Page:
Mar 21, 2019

EPA Identifies 40 Chemicals to Prioritize for Risk Evaluation

WASHINGTON  — Today, the U.S. Environmental Protection Agency (EPA) is publishing a list of 40 chemicals to begin the prioritization process – the initial step in a new process of reviewing chemicals currently in commerce under the amended Toxic Substances Control Act (TSCA).

"EPA continues to demonstrate its commitment to the successful and timely implementation of the Frank R. Lautenberg Chemical Safety for the 21st Century Act," said EPA Administrator Andrew Wheeler. "We are delivering on the promise of Lautenberg to better assess and manage existing chemicals in commerce and provide greater certainty and transparency to the American public."

"Initiating a chemical for high or low prioritization does not mean EPA has determined it poses unreasonable risk or no risk to human health or the environment; it means we are beginning the prioritization process set forth in Lautenberg," said Alexandra Dapolito Dunn, Assistant Administrator for EPA's Office of Chemical Safety and Pollution Prevention.

The Agency is releasing this list in order to provide the public an opportunity to submit relevant information such as the uses, hazards, and exposure for these chemicals. A docket has been opened for each of the 40 chemicals. The publication of this list in the Federal Register initiates a 90-day public comment period. Publication also activates a statutory requirement for EPA to complete the prioritization process in the next nine to 12 months, allowing EPA to designate 20 chemicals as high priority and 20 chemicals as low priority by December 2019.

TSCA requires EPA to publish this list of 40 chemicals to begin the prioritization process to designate 20 chemicals as "high-priority" for subsequent risk evaluation and to designate 20 chemicals as "low-priority," meaning that risk evaluation is not warranted at this time.

One of the chemicals identified for high-priority evaluation is formaldehyde, a chemical that has been studied by EPA's Integrated Risk Information System (IRIS) program for many years.

"Moving forward evaluating formaldehyde under the TSCA program does not mean that the formaldehyde work done under IRIS will be lost," added Dunn. "In fact, the work done for IRIS will inform the TSCA process. By using our TSCA authority EPA will be able to take regulatory steps; IRIS does not have this authority," she noted.

When prioritization is complete, chemicals designated as high priority will begin a 3-year risk evaluation process to determine if the chemical, under the conditions of use, presents an unreasonable risk to human health and the environment. The designation of a chemical as a low priority means that further risk evaluation is not warranted at this time.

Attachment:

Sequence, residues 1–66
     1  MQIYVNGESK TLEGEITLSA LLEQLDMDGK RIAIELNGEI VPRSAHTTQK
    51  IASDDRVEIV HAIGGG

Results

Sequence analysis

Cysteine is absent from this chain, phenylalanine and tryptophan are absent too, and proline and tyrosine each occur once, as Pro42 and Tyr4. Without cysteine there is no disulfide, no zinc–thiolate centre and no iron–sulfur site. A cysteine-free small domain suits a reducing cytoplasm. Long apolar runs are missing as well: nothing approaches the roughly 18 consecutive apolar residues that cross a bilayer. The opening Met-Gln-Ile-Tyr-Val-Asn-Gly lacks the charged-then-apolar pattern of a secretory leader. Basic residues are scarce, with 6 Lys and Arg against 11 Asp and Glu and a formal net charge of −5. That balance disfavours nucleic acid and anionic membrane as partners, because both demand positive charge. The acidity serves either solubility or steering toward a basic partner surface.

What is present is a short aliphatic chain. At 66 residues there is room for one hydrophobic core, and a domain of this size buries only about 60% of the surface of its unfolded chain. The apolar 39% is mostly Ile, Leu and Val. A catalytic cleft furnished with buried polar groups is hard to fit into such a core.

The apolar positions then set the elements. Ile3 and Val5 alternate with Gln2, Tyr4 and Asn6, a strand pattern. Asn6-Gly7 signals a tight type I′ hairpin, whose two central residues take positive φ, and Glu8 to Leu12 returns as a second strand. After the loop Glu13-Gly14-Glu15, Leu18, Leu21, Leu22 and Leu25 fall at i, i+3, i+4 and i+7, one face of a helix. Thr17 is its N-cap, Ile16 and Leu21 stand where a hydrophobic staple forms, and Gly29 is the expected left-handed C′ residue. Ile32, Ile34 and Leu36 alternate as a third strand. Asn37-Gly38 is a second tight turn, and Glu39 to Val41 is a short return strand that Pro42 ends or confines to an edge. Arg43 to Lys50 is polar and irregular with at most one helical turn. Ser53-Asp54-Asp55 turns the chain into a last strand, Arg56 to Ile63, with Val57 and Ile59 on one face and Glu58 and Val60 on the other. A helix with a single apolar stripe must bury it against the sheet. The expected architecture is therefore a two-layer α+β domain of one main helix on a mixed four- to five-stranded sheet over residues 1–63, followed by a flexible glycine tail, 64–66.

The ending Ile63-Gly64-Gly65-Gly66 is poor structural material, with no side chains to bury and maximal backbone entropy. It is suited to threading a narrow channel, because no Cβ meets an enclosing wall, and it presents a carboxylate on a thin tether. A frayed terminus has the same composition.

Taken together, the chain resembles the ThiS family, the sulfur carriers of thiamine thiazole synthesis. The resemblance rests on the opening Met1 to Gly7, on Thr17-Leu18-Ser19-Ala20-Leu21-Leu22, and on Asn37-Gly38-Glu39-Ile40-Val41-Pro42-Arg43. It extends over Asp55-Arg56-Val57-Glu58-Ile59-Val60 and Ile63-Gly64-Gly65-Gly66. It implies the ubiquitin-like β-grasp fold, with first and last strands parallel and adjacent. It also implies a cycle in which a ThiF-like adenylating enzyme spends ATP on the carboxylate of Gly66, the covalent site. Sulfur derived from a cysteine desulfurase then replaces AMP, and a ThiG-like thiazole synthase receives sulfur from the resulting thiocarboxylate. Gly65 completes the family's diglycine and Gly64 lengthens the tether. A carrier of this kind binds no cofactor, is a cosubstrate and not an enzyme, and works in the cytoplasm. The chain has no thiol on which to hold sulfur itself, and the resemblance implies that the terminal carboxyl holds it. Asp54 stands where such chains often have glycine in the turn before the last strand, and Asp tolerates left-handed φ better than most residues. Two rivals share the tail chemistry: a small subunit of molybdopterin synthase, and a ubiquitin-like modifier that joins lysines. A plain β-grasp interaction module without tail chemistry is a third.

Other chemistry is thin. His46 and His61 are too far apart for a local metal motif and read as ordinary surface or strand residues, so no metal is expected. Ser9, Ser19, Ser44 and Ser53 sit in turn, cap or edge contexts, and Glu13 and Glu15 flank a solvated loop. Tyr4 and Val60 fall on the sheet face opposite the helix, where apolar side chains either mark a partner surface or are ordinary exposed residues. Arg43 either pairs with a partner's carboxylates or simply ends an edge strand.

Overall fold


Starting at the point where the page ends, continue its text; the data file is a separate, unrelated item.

The 20 high priority candidate chemicals include seven chlorinated solvents, six phthalates, four flame retardants, formaldehyde, a fragrance additive, and a polymer pre-curser. EPA has received a manufacturer request for a risk evaluation of two additional phthalates and is currently determining whether the request contains the minimum needed elements to proceed under EPA's regulations. If complete, EPA has 15 days to provide notice of such a request.

The 20 low priority candidate chemicals have been selected from EPA's Safer Chemicals Ingredients List, which includes chemicals that have been evaluated and determined to meet EPA's safer choice criteria.

Mar 18, 2019

Preventing Illness from Silica Dust

Workers in construction and manufacturing jobs are often exposed to respirable crystalline silica, which is released when cutting or drilling into stone and concrete. Breathing silica dust is dangerous and can lead to serious and often fatal illnesses.

There are steps employers must take to protect workers by reducing exposure to dust. These steps include using controls like wet methods and ventilation. Respirators can be used, but only if other methods are not protective enough.

The following resources provide guidance for how employers can protect workers from hazardous exposures to silica dust.

Photo: Wet methods and ventilation can reduce dust exposures.
Image courtesy National Institute for Occupational Safety and Health (NIOSH)


Silica Safety Resources for Stone Fabricators – CDPH web page

Respirable Crystalline Silica Standards – Cal/OSHA web page

Work Safely with Silica – CPWR website

Silica topic page – NIOSH

Mar 6, 2019

Attorneys Implore Judge to Keep Sailors’ Fukushima Case in U.S.

SAN DIEGO (CN) – Former Senator John Edwards and his co-counsel implored a federal judge Wednesday not to dismiss claims from U.S. service members who say they were exposed to radiation while aboard U.S. ships sent to render aid after the 2011 earthquake and tsunami in Fukushima, Japan.